“The investments are strongly tied to meeting ambitious goals called for in the bill that include closing the achievement gap, raising high school graduation rates, achieving literacy for all students by third grade, and having all students acquire career and college readiness by graduation.......This is a historic bill that will open the doors of opportunity for countless Minnesota students,” ....“It invests in the kinds of proven tools like early childhood education that we need to close our achievement gap and build the world’s best workforce. This is going to usher in a new era of educational excellence. Thanks to this bill, Minnesota is poised to reclaim our role as a national leader in education.” In addition to providing badly needed new dollars for schools, the budget includes reforms to student assessments and diagnostics, teacher licensure, and integration initiatives to make sure taxpayer dollars are spent as effectively as possible."After signing the bill, Governor Dayton's blog described the bill as follows:
A Historic Investment in Education: For the first time in its history, Minnesota will offer All-Day Kindergarten to every child in Minnesota. We are giving thousands of children access to high-quality preschool and child care. And we are freezing tuition for the next two years at the University of Minnesota and all MnSCU campuses and increasing student financial aid to make higher education more affordable for middle class families. With nearly a billion dollars in new money for education, this budget invests in every learner in Minnesota – from early education through higher education. This new funding will help give our kids access to a world-class education and train the best-educated workforce in the world. This budget will also eliminate the school shift by the end of the next biennium.Lets begin our review of the budget by looking at the history of Minnesota's general education basic formula in the K-12 budgets over the past years and comparing it to the basic formula in the new legislation . The general education "basic" formula is provided to all school districts to spend largely as they wish on regular operations. To calculate district revenues you take the number of students (weighted) and multiply by the formula allowance. The basic formula is weighted based on the grade level of the students, so that the actual formula varies, and the total amount of revenue received by a district depends upon whether the district has more students in high school or elementary school. School districts with smaller special populations (special education, poverty, English language learners, for example) push for budgetary increases to concentrate on the basic formula; school districts with larger special populations push for more of the money to focus on categorical aids, because typically the programs run significant deficits.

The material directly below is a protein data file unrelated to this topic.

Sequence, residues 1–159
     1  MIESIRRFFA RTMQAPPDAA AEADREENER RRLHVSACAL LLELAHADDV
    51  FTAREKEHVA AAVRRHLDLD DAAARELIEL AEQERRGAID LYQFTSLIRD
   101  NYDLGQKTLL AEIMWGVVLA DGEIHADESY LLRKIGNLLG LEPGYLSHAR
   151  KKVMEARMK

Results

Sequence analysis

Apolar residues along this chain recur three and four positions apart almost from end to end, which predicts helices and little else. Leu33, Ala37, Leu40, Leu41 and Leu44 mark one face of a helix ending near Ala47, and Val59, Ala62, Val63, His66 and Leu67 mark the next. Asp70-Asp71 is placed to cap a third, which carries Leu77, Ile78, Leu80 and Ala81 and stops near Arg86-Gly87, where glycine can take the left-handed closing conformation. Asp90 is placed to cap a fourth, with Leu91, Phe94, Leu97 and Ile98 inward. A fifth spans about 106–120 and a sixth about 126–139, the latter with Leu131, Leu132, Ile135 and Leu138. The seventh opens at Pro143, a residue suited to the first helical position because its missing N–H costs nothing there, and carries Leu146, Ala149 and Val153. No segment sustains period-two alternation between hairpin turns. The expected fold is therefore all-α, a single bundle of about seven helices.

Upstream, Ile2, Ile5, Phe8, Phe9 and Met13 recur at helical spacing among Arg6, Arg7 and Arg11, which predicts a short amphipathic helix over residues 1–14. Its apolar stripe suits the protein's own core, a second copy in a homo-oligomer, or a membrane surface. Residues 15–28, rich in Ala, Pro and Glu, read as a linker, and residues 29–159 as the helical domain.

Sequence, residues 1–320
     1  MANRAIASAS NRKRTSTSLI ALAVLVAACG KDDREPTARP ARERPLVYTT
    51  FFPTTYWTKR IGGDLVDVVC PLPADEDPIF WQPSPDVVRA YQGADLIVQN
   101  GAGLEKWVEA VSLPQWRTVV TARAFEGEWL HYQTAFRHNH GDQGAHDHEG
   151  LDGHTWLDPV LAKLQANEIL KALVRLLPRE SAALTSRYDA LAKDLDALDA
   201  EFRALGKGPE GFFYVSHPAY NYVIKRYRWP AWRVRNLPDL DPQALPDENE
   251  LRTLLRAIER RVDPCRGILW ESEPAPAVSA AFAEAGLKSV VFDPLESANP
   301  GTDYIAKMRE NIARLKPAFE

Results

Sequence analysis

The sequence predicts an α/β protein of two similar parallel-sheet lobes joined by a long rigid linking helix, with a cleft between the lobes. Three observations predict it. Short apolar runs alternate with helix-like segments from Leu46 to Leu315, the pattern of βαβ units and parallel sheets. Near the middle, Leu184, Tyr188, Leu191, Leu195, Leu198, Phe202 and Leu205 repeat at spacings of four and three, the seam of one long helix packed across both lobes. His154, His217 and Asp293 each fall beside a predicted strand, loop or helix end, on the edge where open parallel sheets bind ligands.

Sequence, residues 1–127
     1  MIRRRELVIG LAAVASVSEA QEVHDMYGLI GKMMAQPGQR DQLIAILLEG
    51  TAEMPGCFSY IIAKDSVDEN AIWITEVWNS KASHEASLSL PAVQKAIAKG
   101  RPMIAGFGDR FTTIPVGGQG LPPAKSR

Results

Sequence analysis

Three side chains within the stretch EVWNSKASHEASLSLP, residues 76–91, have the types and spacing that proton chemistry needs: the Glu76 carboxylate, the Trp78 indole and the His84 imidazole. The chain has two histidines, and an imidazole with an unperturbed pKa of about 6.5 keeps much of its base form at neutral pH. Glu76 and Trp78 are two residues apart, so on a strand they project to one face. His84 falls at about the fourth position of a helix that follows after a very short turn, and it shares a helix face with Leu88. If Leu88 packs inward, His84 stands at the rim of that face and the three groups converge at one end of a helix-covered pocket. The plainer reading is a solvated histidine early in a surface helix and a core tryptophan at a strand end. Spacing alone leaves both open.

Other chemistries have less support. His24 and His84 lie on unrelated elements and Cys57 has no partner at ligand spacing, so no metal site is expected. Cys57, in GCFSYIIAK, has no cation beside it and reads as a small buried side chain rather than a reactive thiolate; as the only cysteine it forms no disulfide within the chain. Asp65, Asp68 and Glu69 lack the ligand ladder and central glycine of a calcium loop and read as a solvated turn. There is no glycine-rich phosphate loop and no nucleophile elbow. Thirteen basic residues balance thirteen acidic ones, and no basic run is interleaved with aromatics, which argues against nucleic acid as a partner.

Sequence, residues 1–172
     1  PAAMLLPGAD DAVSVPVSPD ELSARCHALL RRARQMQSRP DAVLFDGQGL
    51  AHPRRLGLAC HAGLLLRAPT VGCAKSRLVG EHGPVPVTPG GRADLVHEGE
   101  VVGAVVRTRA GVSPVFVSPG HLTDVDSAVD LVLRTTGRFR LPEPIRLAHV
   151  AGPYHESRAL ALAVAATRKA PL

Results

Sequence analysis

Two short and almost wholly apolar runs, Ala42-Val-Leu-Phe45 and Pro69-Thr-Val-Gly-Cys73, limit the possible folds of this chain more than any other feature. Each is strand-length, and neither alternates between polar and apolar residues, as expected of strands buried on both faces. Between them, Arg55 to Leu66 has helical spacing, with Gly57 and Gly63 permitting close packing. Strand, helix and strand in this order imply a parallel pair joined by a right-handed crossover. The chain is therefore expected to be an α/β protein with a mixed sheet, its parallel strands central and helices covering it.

Lets look today at the history of basic formula increases and compare it to what the legislature has done this last session.
Here are the new formula increases for this session and the percentage rate of increase. Keep in mind that over the years there have been some changes in the content of the formula, and so when we do comparisons, adjustments have to be made to attempt to report comparable numbers. The reported percentages for this biennium don't track completely with the calculation of precentages for prior years. A $76 increase in the formula, in prior years would have been reported as a 1.5% increase. Presumably the elevated reported percentage comes from a change in the pupil weights which apparently produces more revenue for the same general formula dollars.
Basic Formula Increases (Dollar Increases and percentages)
Here are the historic formula increases and percentages. Keep in mind also that it takes a smaller increase to provide a 1 percent increase in the earlier years than later.
|School Year||Dollar Amount||Percent|